Only problem is it does not go far enough. A game should get more difficult as you progress farther not easier and certainly not the brain dead difficulty of how gear trivializes content as you get better gear. Blizzard should include choices of course as WoW is a game for everyone no matter of skill or ability, but they have long failed to provide any challenge in the common play areas. I think in this area people are blind. How can people possibly get any satisfaction from killing mobs which provide zero threat or challenge?

Blizzard is on the right track although this is just poor implementation. What the scaling needs is reasoning behind it. IF the are going the Diablo route perhaps something like the MP+ system. I would love to have a reason to gear and at the same time not make the game more an more boring every time I get a new piece of gear by making the combat even more trivial.

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Fenryr Grey

You good sir / madam have got it right!

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un4tt3nd3d

Blizzard making perfectly logical and well thought out decisions, as usual.

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Ashfyn Ninegold

The names are changed, but this discussion is essentially the same one being debated on the Diablo 3 forums regarding the introduction of Primals and the resultant stat bloat. Which rather confirms the suspicion that the two dev teams are swapping game design notes.

Well, at least this alleviates my concerns about progression, as in there’s really no need to because there’s no there there. At the same time, I completely agree with Eliot’s observation about the sense of challenge and accomplishment. Since most of us game to nourish our individual sense of accomplishment and if WoW has taken that out of the equation, why play? Particularly, why play content you don’t like in order to get stuff that makes no appreciable difference in your ability to progress or your perception that you have?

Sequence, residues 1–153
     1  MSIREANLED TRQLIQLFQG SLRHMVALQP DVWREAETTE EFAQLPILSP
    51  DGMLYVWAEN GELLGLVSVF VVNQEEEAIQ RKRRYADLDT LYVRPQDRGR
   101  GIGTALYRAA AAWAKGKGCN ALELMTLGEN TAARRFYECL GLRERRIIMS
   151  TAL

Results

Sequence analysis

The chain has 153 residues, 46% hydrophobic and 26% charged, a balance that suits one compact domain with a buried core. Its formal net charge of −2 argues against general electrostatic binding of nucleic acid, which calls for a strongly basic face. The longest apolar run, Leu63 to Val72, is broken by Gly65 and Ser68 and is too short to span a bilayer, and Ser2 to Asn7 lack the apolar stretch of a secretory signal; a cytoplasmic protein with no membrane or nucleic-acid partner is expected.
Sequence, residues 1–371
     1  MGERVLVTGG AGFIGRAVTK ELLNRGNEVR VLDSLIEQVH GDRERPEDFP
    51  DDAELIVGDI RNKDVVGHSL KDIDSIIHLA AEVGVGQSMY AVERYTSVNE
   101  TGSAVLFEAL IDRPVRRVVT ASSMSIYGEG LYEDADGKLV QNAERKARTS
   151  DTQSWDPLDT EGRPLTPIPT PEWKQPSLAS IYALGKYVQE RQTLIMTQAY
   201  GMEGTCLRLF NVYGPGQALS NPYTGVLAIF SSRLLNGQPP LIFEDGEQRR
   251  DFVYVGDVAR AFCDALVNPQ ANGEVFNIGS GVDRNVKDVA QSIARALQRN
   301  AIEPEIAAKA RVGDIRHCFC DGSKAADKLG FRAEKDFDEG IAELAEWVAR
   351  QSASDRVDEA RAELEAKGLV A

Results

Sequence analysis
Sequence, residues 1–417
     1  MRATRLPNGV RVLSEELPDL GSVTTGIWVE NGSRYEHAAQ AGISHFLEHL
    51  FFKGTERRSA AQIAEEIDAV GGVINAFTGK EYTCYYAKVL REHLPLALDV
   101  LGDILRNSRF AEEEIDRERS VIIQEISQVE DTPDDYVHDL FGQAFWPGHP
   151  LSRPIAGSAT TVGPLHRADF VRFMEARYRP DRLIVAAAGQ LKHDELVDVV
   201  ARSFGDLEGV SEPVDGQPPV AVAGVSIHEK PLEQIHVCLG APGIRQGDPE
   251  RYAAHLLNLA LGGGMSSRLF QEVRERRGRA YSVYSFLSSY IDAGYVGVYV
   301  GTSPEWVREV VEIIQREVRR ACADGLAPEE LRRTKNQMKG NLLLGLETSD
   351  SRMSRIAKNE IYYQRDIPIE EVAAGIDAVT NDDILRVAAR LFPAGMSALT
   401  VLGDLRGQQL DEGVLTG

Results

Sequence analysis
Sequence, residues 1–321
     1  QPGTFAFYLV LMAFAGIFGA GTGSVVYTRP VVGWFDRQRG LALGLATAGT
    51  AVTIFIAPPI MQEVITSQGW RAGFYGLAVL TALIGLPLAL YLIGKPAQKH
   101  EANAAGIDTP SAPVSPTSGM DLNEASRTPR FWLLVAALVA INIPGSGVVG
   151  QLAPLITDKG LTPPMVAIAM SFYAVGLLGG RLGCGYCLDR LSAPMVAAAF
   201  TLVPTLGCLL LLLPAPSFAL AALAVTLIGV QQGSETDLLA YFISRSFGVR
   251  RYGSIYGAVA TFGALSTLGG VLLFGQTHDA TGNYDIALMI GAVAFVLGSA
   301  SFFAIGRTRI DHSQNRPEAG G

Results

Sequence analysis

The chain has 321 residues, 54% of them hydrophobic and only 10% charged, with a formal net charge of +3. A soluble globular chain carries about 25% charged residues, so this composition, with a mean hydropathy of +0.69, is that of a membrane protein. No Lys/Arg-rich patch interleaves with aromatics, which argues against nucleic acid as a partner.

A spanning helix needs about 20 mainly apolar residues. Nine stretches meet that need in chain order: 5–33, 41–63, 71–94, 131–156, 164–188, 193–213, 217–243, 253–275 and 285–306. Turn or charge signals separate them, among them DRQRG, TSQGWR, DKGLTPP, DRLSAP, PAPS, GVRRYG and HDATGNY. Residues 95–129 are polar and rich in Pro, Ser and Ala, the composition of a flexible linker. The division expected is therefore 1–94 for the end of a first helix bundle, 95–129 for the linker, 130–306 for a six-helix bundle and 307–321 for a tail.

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Schmidt.Capela

Funny thing, I used to ask for something of the kind back in the WotLK days. Not quite the same, though; my favorite implementation would be to only progress actual gear stats to be roughly what players can get without doing any group content at all, and have “better” gear from dungeons and raids give bonuses that were only active in dungeons or raids.

It means that fights are now going to take longer and offer less risk when you equip better stuff.

Whether fights become longer or not is a matter of tuning; if health pools are increased only as much as much as the added player DPS then the time to kill should stay the same.

Still boring, though, because it means better gear makes you safer but not more effective. I consider scaling just the HP, in fact, to be worse than scaling all stats (which would keep the fights riskier, and thus more interesting) or not scaling anything (which means you can dispatch harmless enemies quickly).

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thalendor

Raid and dungeon progression require ever increasing stats on gear due to ever increasing stats on mobs. The open world, however, has no such progression once you get past the leveling phase of the game. I don’t think that’s a shocking observation to anyone who’s played WoW for more than a few days. But I can see why Blizzard wants to introduce iLevel scaling, to prevent trivialization of world content.